Title: Saving Red
Author: Sonya Sones
Published in: 2016
Genres: realistic fiction, contemporary fiction, mental health/mental illness, poetry
“Right before winter break, fourteen-year-old Molly Rosenberg reluctantly volunteers to participate in Santa Monica’s annual homeless count, just to get her school’s community service requirement out of the way. But when she ends up meeting Red, a spirited homeless girl only a few years older than she is, Molly makes it her mission to reunite her with her family in time for Christmas. This turns out to be extremely difficult—because Red refuses to talk about her past. There are things Molly won’t talk about either. Like the awful thing that happened last winter. She may never be ready to talk about that. Not to Red, or to Cristo, the soulful boy she meets while riding the Ferris wheel one afternoon.
When Molly realizes that the friends who Red keeps mentioning are nothing more than voices inside Red’s head, she becomes even more concerned about her well-being. How will Molly keep her safe until she can figure out a way to get Red home? In Sonya Sones’ latest novel, two girls, with much more in common than they realize, give each other a new perspective on the meaning of family, friendship, and forgiveness.”
Molly waited until the last minute to fulfill her school’s community service requirement for the semester. So the night before she must turn it in, she volunteers to help with the city’s annual homeless count. It’s then that she meets Red, a homeless girl who’s only a few years older than she is. She soon makes it her goal to bring Red home for the holidays. But when Molly realizes that Red hears voices inside her head and has hallucinations, she realizes this may be harder than she originally thought. She becomes worried about Red and tries to keep her safe. But with the holidays almost here, she’s running out of time. She just might be too late.
Molly was a 14 year old girl who had something traumatic happen a year ago and thinks its all her fault. She doesn’t want to talk about it in the beginning of the book, but later talks about it at the end. It’s then revealed that her older brother, Noah, had PTSD and disappeared a year ago on New Year’s Eve. That night her parents had went to a party next door and left Molly alone with Noah, making it her job to watch him. Noah wasn’t supposed to be left alone, but Molly got tired of watching him and decided to go out for ice cream with her friends. When she gets back, Noah is nowhere to be found and he still hasn’t been found a year later. Since she was supposed to be watching him, Molly blames herself for his disappearance and thinks its all her fault.
Now she has anxiety and her dog Pixel serves as an emotional support animal to help her with that anxiety. When Molly helps out with the homeless count, she sees Red, but doesn’t talk to her. The next day, though, she talks to her and they soon become friends. A couple days later, she meets Cristo on the Ferris wheel at the pier and they spend the rest of the day together. But the next day he has to leave with his family to go to New York, so that’s the last time they see each other for now. They talk on phone and text, but one day, he suddenly stops responding. Meanwhile Molly’s still trying to figure out how to reunite Red with her family while keeping her safe. She finds out this is harder than she thought, since Red doesn’t like accepting charity. It especially becomes harder after she realizes Red has hallucinations and delusions. She later finds out that Red has schizoaffective disorder, a mental illness where a person has both schizophrenia and bipolar symptoms.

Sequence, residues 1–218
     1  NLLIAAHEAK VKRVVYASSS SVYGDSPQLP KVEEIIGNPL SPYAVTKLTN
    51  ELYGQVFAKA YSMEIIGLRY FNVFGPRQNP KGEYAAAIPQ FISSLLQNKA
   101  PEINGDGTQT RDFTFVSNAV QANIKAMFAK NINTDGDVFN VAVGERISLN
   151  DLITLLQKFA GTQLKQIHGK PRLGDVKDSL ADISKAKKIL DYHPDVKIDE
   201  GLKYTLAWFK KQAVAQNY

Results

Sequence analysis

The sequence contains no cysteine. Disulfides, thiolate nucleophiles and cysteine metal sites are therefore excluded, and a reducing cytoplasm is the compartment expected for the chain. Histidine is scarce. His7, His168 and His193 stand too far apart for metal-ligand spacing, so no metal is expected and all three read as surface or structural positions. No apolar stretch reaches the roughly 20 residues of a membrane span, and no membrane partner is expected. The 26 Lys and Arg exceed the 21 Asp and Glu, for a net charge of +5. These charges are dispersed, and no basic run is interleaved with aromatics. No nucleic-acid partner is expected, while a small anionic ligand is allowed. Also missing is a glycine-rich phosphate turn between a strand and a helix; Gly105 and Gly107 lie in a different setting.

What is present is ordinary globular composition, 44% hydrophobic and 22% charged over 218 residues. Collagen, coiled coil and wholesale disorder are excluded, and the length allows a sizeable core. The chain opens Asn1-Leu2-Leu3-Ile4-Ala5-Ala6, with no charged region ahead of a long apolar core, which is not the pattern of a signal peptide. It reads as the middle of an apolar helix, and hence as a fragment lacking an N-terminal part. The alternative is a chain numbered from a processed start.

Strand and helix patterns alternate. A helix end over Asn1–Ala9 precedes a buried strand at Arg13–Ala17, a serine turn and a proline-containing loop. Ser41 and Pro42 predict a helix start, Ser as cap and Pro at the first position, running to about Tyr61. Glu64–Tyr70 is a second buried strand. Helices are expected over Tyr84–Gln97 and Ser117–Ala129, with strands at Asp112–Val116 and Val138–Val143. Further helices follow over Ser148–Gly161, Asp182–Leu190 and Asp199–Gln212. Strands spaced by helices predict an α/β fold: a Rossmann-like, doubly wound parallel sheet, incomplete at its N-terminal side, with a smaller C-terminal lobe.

Overall I thought Molly was easy to like and relatable. Like I said, she was trying to do a nice thing by trying to reunite Red with her family and stayed with her even after she found out about Red’s mental illness. She said she did that because that’s how she would want someone to treat her brother if they found him.
Throughout the story, Red’s schizoaffective disorder gets worse to the point where one morning she tries to commit suicide by jumping in front of a car. Luckily, Molly is able to stop her. Afterwards Red realizes that she needs help and asks Molly to call the hospital.
Saving Red ended on a hopeful note, but left you wanting to know more.
Saving Red was over 400 pages long, but was written in verse so it didn’t take too long to read. It was an interesting and enjoyable book about mental illness and friendship. I recommend it to anyone looking for a book about schizoaffective disorder, anxiety, mental health, or something that’s contemporary or realistic.
Rating: 5/5 Stars